Checks whether the given service has a recorded process id, and if so, whether a process with that id exists. If so, it stops the service with a TERM signal and returns when the process for the id ceases to exist. For most daemons that listen on sockets, restarts are improved because the "stop" action is synchronous: it does not return to you until the daemon has actually terminated.
Performs a "stop" followed by a "start".
If the service is currently running, does a restart, otherwise does nothing.
If the -r option is given, this causes the server to reload its configuration by sending it a signal, which defaults to SIGHUP. Exits with status 7 if the service is not running.
If the -r option is given, same as reload. Otherwise if the service is running restarts it. Exits with status 7 if the service is not running.
Displays process status for the main daemon process. The display includes all child processes by using ps f. Exits with 0 status if the server is actually running, otherwise issues a message and exits as follows:
1 - program is dead and /var/run pid file exists
2 - program is dead and /var/lock lock file exists
3 - program is not running
4 - program or service status unknown (not used by startstop)
Sends a signal to the main daemon process; SIGHUP is the default, overrideable with the -s option.
Any action other than "signal" starting with "sig" should be the name of a signal, which it will send to the running server.


Most options apply only to a subset of the possible actions, and the command and its arguments only apply when an action results in a restart of the daemon. In a script, you aupply all appropriate options and arguments. Startstop applies them as appopriate to the action requested.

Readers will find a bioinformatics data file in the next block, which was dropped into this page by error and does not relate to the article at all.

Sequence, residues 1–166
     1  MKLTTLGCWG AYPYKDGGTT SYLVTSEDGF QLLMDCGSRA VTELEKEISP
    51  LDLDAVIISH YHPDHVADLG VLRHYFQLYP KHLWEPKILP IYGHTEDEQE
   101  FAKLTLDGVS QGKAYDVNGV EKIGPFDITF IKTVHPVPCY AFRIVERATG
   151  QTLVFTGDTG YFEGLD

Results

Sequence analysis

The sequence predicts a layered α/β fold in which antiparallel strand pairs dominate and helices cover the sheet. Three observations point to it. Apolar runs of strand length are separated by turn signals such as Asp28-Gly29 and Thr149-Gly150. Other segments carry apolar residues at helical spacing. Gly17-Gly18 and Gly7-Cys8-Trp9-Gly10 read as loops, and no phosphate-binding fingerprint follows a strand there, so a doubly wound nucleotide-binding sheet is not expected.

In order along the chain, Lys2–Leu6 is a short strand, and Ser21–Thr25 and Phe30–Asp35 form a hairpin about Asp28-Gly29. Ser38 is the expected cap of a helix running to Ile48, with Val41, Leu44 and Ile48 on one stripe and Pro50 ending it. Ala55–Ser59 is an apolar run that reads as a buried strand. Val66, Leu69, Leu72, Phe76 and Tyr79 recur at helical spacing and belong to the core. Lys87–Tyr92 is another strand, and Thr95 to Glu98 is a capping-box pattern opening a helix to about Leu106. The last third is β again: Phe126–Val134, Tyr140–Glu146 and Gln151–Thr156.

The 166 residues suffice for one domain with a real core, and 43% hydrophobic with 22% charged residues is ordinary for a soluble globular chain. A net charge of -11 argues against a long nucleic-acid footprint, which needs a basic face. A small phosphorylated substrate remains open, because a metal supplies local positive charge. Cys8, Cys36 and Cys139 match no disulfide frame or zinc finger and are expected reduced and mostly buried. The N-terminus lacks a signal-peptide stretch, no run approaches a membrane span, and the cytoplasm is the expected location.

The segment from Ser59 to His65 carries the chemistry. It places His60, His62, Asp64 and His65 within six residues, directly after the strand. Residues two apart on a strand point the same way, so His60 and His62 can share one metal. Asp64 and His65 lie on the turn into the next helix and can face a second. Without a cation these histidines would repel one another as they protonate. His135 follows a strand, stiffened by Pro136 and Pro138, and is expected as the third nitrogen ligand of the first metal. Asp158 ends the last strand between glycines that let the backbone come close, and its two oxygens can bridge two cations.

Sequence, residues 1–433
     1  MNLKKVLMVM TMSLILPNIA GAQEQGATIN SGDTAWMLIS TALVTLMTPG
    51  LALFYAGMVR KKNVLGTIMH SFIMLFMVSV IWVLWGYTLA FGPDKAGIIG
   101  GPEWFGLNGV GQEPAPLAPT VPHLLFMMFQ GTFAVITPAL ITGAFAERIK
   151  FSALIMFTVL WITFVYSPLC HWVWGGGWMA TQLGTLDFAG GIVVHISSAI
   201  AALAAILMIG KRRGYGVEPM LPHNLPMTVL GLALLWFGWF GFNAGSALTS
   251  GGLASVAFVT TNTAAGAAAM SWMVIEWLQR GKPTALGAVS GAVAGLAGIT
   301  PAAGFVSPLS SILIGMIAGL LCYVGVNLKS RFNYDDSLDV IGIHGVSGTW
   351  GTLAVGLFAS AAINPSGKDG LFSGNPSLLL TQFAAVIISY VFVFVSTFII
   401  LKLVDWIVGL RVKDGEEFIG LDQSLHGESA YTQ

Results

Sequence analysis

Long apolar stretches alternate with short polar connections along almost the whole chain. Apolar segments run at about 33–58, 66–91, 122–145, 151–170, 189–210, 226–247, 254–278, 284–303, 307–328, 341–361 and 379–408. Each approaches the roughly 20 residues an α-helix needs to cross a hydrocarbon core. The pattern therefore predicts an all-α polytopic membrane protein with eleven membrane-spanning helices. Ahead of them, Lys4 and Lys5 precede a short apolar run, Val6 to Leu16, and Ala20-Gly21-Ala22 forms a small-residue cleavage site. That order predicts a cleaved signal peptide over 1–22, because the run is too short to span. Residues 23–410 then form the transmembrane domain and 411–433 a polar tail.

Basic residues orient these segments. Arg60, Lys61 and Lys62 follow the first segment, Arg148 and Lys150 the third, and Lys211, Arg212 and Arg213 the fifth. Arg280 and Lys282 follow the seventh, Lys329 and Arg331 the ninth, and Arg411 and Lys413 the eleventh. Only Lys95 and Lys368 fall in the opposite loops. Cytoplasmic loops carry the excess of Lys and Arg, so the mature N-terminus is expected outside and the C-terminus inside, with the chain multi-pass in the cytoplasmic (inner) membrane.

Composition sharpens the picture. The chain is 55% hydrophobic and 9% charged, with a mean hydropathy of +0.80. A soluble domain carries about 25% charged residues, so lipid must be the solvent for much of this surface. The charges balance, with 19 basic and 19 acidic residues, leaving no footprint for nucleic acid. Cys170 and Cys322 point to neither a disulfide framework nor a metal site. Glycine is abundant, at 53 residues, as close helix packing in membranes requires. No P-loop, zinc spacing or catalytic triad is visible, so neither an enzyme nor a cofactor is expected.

-l logfile
With this option the start action will redirect the server's stdout and stderr to the named logfile, otherwise it does no redirection. It arranges to delay stderr redirection until startstop and any monitor(8) process has a chance to issue start-time error messages.
With this option /var/lock/subsys is ignored entirely regardless of whether the directory exists.
With -m, the start action sets up a parent monitoring process that tracks and logs the status of the service, automatically restarts it if it dies, and can stop or restart the server in response to signals received by the monitor. Monitoring is accomplished by running the monitor utility, which in turn will run the intended server as a child process. See monitor(8).
Enables the reload action. With -r, reload sends SIGHUP to the server, or with -s, the signal specified by -s.
-s signal
This sets the signal to use for the "signal" action, and if -r is given, the signal to send to the server for the reload action. The signal can be given as a number or a signal name, e.g. SIGALRM or sigalrm.
-u username
This causes the server to run as the named user. The server process's uid is set to the ID of the given name, its principal group ID is set to that user's principal group ID, and its supplementary group IDs are set to that user's supplementary group IDs. The uid and gids are the same ones set up for that user's login.


The standard file containing the server's process ID.
An additional file expected by some initscript frameworks.


To start a Java server as "nobody", monitoring it and directing its stdout and stderr to /var/log/jsplog:
startstop -u nobody -l /var/log/jsplog -m "$(basename $0)" \ java


setuser(8), monitor(8)


Please report if found.


Crispin Perdue